Corn grain quality is increasingly important as more grain is used for processing and other specialty end uses.
Corn grain quality is determined by hybrid, growing conditions, harvest practices and drying operations.
Except for growing conditions, these quality factors are generally under the control of the grower.
Selecting hybrids rated highly for grain quality traits is the first step in producing highest quality grain.
Pioneer® brand hybrids are rated for resistance to prevalent ear rot diseases and test weight.
High test weight is a grain trait that helps kernels resist breakage during threshing and handling.
Harvesting grain at too high of moisture can result in severe kernel damage during threshing and drying.
Conversely, allowing corn to field dry too long can lead to reduced yield and quality if stalk or ear rot diseases or insect feeding damage are increasing.
Monitor stalk quality. If stalks lodge, ears can come in contact with the ground which can lead to ear rot development.
Proper combine settings and operation are critical to preserve grain quality.
Optimum ground speed depends on the condition of the crop, but should generally be as fast as possible without plugging the head or threshing mechanism.
Snapping rolls should be set relative to ground speed. A setting that is too fast will cause kernels to be shelled and lost and increase breakage of ear butt kernels.
Use the lowest possible cylinder/rotor speed that will shell the grain within acceptable loss levels (1% in good-standing fields).
Begin with manufacturer suggested sieve and fan settings and check and adjust frequently. Crop conditions can change rapidly during autumn days.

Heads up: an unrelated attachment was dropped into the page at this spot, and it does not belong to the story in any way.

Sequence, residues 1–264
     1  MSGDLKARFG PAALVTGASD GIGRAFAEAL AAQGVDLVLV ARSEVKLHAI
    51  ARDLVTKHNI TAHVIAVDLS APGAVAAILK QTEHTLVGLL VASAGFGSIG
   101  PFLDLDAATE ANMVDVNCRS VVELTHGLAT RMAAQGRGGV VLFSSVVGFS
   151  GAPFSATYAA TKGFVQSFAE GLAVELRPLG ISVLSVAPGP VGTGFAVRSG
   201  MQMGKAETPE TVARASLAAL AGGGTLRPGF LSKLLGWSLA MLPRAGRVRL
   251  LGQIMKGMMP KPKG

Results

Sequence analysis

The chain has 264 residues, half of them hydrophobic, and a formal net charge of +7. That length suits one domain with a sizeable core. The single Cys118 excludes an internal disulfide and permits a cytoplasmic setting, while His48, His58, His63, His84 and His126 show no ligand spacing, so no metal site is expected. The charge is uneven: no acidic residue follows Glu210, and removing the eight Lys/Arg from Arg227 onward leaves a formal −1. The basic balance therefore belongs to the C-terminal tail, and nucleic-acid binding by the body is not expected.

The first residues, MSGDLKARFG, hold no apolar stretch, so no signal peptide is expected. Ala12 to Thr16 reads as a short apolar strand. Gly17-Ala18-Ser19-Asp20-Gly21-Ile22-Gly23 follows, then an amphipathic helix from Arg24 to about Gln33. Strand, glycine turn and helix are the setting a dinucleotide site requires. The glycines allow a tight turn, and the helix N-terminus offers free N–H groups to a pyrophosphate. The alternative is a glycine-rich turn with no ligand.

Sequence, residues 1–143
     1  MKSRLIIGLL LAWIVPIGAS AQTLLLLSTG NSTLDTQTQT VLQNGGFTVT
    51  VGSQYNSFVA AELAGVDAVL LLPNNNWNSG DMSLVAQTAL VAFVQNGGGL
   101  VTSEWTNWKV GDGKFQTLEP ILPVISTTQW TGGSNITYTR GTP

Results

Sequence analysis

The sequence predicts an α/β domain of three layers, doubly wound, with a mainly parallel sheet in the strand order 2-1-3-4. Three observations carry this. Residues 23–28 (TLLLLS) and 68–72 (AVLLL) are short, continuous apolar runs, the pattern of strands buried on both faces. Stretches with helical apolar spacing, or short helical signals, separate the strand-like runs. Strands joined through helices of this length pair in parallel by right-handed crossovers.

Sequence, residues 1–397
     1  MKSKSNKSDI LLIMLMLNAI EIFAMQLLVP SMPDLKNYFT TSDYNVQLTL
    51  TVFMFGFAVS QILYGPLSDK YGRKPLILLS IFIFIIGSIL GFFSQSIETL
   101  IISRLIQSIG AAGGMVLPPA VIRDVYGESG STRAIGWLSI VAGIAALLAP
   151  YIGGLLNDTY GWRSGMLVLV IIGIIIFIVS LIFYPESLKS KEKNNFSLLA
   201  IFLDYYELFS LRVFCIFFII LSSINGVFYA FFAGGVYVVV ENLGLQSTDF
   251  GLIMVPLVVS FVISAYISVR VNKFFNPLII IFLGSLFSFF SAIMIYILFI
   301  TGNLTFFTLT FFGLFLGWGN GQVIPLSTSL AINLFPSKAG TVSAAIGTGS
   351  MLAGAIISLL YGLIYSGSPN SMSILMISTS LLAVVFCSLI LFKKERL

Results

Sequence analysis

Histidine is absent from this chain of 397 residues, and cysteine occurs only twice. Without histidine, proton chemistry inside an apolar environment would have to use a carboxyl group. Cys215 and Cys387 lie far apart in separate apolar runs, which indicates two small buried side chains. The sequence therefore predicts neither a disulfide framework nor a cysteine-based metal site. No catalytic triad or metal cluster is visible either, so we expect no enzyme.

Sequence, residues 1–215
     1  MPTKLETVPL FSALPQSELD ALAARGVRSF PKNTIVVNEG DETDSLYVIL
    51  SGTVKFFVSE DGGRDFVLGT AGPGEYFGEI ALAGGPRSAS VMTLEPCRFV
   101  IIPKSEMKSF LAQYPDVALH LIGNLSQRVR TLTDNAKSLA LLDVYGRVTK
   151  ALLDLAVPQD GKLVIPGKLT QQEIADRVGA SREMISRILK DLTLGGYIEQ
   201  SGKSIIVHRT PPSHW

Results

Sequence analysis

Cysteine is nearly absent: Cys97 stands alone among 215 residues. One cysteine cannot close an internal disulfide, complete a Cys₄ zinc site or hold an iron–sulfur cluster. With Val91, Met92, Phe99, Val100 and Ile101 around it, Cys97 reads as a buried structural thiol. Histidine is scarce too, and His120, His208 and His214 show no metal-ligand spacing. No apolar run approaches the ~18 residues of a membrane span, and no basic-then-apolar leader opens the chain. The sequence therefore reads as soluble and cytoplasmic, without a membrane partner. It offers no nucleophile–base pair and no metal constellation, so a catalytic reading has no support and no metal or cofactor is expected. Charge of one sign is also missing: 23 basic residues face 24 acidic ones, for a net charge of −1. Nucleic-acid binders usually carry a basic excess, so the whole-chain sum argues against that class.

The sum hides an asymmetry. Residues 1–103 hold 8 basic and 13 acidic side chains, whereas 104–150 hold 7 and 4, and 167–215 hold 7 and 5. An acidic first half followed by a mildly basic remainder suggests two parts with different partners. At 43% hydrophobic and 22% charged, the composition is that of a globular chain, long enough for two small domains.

Grain Handling and Drying
Broken kernels and fines can create problems during grain storage, and lower quality for many end uses.
A rotary screen, gravity screen or perforated auger housing section can be used to screen out the fines.
Stress cracking is the major quality problem associated with improper drying and cooling of grain.
Kernels with a large number of stress cracks are more likely to be broken, produce smaller grits during dry milling, absorb water too rapidly during wet milling, and are more susceptible to insect and mold damage during storage.
The wetter the grain the lower the temperature must be to maintain a better kernel quality and density.
High temperature drying followed by fast cooling can have a devastating effect on stress cracking of corn kernels. For most grain uses, this drying method is unacceptable.
Effect of dryer method on stress crack formation.
When using a continuous-flow grain dryer and as colder temperatures approach, take caution in not overcooling the grain. This can cause stress fractures. Cracked and broken kernels don't store as well as whole kernels.
Freezing temperatures can cause stress fractures in grain, especially in higher density kernels.
After harvest, it's important to check your grain on a weekly basis for 4 to 6 weeks until you are sure it's stable.